Cape May warbler
Cape May warbler
In a way, the upcoming flurry of May songbirds resets the birding calendar for Maine bird watchers, as throngs of seasonal sparrows, flycatchers, tanagers, and thrushes enliven the greening woodlands. In past decades, we often referred to American robins as traditional harbingers of spring, but a sizeable portion of robins now over-winters along the coast.

Several variables, such as changeable weather systems and weekly spring temperatures, affect the pace of migration at the species level. Another significant factor is the travel distance between southern wintering grounds and northern nesting locations. Current gatherings of spring robins seen on lawns and fields have wintered somewhere within the Eastern U.S., probably near New England. A prolific nester that produces several broods a year, robins quickly settle into early territories and commence nest building. Recently, I watched as robins carried bulging clumps of browned lawn grass inside an evergreen shrub below my bedroom window. On alternate trips, they carried bits of mud to form and cement the base of the nest.

One particularly colorful family of birds — the tiny wood warblers — signifies springtime for many of us. As a group, warblers are quite diverse in terms of their nesting habitats and unique habits. The specifics of nesting run the gamut from nests built on the ground to all the way to treetop levels.

Arrivals of spring warblers span several weeks, but pine warblers are one of the earliest. As their name suggests, this species is closely linked to large white pines. They differ from neo-tropical warblers, since pine warblers winter in the Southeastern U.S. The pine warbler is one warbler that eats large quantities of seeds, primarily those of pines. This propensity also leads them to occasionally visit bird feeders. In fact, I observed one at my home feeding stations on April 16. Some individual stragglers push northward as early as February and may even nest as early as late April.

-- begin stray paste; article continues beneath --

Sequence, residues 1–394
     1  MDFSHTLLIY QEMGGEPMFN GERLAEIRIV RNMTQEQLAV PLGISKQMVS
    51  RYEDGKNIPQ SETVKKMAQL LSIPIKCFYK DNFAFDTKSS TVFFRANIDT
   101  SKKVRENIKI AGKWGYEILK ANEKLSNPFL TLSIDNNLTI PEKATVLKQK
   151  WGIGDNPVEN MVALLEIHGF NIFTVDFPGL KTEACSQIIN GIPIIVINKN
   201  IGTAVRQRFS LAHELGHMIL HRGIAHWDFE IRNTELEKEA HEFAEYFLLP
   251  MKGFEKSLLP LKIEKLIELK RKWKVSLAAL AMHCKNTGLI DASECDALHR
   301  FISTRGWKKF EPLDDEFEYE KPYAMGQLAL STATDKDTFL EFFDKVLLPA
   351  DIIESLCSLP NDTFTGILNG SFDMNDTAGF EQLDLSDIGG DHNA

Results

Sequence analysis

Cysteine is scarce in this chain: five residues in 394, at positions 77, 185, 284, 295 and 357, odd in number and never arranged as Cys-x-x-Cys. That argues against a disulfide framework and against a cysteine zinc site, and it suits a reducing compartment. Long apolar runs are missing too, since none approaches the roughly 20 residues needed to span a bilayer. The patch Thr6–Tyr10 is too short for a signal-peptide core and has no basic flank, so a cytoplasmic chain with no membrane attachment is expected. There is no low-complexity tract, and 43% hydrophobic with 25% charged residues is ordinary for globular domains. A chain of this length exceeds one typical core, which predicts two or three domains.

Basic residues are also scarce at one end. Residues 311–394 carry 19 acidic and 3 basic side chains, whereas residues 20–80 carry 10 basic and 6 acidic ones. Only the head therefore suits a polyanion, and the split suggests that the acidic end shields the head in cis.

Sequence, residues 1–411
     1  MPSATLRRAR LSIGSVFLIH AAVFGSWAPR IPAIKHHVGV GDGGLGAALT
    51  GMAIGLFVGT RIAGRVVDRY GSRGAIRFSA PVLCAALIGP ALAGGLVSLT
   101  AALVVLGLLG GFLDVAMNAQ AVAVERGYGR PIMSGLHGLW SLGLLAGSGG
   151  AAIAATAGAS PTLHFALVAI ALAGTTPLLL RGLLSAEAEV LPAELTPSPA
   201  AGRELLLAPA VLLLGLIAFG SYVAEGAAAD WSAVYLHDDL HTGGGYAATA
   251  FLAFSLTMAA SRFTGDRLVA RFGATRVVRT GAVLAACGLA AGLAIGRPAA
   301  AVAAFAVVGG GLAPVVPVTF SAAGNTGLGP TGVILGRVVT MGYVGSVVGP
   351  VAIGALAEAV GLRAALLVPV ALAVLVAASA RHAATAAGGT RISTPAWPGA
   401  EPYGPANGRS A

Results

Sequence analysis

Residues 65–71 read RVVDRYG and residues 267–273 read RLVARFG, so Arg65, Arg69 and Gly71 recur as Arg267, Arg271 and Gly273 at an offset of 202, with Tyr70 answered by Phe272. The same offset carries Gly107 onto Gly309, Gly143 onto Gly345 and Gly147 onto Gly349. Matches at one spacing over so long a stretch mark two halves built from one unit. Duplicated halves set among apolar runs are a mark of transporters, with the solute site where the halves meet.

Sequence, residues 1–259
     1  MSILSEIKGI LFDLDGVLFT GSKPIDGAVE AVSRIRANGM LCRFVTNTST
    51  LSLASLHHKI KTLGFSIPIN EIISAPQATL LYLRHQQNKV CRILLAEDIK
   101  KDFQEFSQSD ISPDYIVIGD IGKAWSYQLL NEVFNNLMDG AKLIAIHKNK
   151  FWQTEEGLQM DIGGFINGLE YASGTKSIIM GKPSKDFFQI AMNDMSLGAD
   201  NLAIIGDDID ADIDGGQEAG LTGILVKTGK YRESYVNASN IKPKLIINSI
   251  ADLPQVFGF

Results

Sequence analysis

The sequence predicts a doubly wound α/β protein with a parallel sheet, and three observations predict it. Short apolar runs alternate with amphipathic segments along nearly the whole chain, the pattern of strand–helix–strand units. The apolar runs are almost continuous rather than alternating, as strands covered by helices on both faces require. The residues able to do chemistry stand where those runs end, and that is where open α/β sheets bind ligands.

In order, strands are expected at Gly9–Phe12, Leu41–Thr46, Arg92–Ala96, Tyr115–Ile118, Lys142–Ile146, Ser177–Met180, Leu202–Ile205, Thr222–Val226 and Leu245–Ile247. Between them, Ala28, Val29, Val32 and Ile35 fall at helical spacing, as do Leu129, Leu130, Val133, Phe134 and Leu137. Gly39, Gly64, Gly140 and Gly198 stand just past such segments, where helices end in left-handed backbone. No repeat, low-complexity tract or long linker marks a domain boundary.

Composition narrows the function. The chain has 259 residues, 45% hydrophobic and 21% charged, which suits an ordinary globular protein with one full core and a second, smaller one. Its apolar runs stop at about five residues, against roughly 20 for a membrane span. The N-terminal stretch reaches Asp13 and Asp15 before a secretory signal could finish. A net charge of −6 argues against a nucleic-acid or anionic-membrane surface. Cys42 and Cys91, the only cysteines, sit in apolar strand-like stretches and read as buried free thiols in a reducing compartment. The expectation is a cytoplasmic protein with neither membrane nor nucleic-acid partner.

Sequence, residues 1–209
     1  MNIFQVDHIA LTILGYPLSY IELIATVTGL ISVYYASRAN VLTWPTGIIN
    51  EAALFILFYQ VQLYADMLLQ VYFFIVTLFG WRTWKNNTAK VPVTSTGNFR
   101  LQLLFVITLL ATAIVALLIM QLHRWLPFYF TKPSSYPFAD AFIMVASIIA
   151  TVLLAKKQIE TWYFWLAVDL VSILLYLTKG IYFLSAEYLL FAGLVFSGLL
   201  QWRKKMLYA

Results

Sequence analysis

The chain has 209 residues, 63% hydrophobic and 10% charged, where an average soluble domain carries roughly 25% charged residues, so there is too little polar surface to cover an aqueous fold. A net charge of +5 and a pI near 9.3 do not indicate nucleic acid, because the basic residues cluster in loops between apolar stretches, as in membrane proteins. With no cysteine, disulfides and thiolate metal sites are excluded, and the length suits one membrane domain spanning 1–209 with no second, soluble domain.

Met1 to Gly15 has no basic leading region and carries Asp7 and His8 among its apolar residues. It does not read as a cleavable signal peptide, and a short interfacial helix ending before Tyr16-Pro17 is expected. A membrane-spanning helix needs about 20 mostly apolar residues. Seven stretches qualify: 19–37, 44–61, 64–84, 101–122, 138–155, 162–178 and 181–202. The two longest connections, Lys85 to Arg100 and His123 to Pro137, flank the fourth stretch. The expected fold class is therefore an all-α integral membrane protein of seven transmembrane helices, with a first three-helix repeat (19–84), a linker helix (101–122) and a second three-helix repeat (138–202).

One of my favorite early warblers (and all-time-favorites) is the black-and-white. Decked out in two primary colors, they rate a fine pen-and-ink drawing. Their genus name, Mniotilta, means “moss plucking,” a reference to their probing techniques on mosses and barked trunks and branches. Equipped with an extra-long hind toe and heavier set of legs, B&Ws are agile on bark surfaces. Less reliant on catching flying insects, they can reside earlier than other, more insect-dependent species.

Most Cape May warblers, on the other hand, won’t pass through coastal Maine until mid-May, while en route to northern boreal forests. A long-distance migrant, they winter from Central- to South America. This distinctively marked bird received its name from the place where it was first collected as a type specimen — Cape May County, New Jersey. Their historical numbers have vacillated in conjunction with cyclic spruce bud worm infestations. Populations for this species — a fir-spruce forest specialist — appear on the rise in recent years.

Cape Mays can be hard to discern as they flit and forage amidst thick spruce branches. Highly charged by reproductive hormones, some males will sing before reaching the breeding grounds. The Cape May’s typical song is described as “3-8 thin, very high-pitched ‘tseet’ notes, all on the same pitch.” Not real helpful, you say? I would agree. The best method I’ve found to learn bird song is to spot a given bird that is singing or vocalizing and try to pair its visual image and auditory aspects. This requires commitments of time, patience and practice.